I can't pretend to be an expert but I'd like to throw a comment or two into
the overcommitment and out of memory issues being discussed.
First, with overcommitment, a process could find itself going to access
memory to write to it and there's no space to commit to its allocation any
more. In this case, I can think of a few things that could happen. The write
could fault. The write could block until that memory became available. The
allocation of the page could even block if memory is low, rather than out. I
think being able to select this behaviour is going to be important, in
combination perhaps with a userland daemon.
For example, if root could allocate one of these three behaviours to each
process, then a system could work like this: the kernel has its usual extra
pages allocated for itself. Important processes like init, cron, kflushd
etc. could be able to exhaust all of memory and sleep when it's out (would
any of these sleeping cause a system to die?). Perhaps some processes like X
would also sleep rather than segfault if it's out, but it might also be
smart enough to close down if it notices that there's not enough memory left
for it to do much more than that. Most user programs would just fault if
they came too close to exhausting memory.
Then, your userland daemon which allocates all its memory at init would sit
there and take down processes which misbehaved - any time that the minimum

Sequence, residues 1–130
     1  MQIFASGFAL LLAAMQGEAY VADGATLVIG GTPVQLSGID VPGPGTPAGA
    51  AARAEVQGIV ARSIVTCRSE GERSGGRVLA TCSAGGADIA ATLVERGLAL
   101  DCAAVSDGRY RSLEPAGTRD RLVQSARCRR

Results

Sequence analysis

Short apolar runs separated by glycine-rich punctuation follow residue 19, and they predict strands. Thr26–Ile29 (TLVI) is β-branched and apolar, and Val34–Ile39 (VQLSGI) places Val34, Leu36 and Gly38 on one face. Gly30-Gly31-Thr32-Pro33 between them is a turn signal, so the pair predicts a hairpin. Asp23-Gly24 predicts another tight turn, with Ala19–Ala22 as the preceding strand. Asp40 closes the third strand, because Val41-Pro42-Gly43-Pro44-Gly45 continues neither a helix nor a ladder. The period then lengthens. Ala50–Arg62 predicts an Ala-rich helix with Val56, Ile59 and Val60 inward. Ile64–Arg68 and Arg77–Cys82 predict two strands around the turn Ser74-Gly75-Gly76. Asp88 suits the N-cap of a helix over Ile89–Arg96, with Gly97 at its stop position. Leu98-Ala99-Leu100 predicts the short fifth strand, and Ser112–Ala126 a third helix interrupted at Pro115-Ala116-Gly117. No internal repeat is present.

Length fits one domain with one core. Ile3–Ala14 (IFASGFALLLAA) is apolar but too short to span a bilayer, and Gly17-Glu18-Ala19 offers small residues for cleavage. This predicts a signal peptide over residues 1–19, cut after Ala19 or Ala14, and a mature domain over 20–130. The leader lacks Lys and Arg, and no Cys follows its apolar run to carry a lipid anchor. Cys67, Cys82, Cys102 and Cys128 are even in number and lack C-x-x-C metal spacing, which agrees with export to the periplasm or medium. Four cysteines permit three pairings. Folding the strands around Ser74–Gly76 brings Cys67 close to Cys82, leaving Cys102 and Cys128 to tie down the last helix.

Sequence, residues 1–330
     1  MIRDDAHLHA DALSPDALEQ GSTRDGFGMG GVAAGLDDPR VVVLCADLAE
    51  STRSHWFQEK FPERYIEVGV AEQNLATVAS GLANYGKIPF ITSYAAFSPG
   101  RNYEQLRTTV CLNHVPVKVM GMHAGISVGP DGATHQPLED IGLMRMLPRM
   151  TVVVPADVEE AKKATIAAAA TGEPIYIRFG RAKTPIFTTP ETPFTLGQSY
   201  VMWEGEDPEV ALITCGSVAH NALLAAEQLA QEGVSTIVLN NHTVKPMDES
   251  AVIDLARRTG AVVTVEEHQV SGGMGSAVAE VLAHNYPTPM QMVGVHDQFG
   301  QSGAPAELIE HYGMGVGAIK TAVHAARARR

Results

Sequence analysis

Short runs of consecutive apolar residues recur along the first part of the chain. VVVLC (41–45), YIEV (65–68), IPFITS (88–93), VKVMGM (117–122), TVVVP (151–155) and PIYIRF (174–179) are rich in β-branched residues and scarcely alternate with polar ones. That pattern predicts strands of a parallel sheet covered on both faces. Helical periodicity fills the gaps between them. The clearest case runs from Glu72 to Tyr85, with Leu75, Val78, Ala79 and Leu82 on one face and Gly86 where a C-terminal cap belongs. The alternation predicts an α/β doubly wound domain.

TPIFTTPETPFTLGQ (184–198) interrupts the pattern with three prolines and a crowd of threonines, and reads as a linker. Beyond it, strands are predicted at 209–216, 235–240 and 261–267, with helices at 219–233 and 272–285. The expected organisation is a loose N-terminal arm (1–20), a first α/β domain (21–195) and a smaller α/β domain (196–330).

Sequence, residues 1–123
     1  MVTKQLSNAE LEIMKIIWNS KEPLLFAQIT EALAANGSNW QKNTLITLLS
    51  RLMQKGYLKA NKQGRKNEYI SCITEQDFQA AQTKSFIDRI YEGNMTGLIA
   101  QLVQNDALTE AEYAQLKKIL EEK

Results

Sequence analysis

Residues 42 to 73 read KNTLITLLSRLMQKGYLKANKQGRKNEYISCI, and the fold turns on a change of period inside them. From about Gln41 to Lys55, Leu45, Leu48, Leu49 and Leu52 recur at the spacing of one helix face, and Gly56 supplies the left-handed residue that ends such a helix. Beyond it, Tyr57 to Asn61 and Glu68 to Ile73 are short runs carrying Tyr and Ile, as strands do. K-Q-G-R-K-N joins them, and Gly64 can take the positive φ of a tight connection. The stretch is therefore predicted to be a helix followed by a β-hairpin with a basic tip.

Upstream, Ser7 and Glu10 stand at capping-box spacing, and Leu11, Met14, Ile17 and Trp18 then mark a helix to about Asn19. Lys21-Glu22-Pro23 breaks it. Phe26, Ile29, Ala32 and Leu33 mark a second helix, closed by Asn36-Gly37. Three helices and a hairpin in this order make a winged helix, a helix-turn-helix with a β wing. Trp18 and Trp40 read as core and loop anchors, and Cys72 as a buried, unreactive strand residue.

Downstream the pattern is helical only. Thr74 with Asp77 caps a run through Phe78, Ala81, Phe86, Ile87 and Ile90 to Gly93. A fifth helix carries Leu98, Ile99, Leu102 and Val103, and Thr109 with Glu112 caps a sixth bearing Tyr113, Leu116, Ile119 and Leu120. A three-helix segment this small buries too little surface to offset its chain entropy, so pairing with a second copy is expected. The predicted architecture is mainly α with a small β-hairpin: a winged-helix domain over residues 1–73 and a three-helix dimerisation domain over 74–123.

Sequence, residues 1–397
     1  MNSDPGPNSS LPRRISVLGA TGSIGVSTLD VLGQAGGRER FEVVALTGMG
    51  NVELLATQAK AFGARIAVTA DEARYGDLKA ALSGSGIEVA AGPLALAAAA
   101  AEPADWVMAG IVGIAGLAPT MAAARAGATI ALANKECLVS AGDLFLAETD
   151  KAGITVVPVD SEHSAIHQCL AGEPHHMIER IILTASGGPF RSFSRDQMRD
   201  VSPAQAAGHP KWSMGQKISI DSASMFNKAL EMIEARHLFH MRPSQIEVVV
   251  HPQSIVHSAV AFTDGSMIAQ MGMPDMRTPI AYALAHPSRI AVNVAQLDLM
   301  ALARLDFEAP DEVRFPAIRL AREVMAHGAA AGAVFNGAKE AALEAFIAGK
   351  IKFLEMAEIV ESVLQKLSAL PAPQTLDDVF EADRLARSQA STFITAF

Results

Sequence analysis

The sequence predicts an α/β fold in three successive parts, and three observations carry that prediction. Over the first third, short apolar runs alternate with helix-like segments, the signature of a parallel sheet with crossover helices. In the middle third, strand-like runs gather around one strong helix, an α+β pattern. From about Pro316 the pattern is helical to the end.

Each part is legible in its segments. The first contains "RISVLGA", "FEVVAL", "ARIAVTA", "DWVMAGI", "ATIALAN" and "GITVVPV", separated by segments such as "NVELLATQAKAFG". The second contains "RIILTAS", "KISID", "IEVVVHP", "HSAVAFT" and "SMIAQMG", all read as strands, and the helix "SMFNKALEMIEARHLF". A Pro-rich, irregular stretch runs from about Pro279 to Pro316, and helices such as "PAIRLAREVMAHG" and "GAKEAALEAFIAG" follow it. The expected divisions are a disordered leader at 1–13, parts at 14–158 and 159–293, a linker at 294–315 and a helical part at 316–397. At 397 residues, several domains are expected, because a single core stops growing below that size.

free memory is reached, a heuristic is used to determine a process to kill
by a combination of its memory usage, its owner, its memory "priority"
(perhaps another assignable value similar to low memory behaviour) and
perhaps a specific rule as well. This way, when I run gcc on some file
that's so complicated that it tries to take up all my RAM and swap space to
compile, before it manages to achieve this it's going to fault. My apache is
probably going to be put to sleep if it gets too close to exhausting memory,
at which point the daemon is going to kill off anything of lower priority.
Maybe nothing else is running at lower memory priority in which case apache
will continue to sleep and eventually be killed if nothing else can and the
memory is needed. Even when most of memory is exhausted, cron and other
important processes should still have enough room to continue.
This certainly seems like a much more acceptable alternative to me than
what currently happens. E.g. I did have this gcc problem I mentioned, gcc
used all memory and then faulted, leaving X in an unusable state. If X had a
higher "memory priority" than gcc (as it probably should) then I wouldn't
have had this problem.
What do you think? OOM is not unavoidable and overcommitment is pretty much
a requirement. But I don't see any reason that when overcommitted allocation
is honored, it necessarily has to be done down to the last page in the
system for any process. It seems to me that this is the main cause of the
problem. And perhaps some processes would rather wait for memory to become
available than die.
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This archive was generated by hypermail 2b29 : Thu Mar 23 2000 - 21:00:20 EST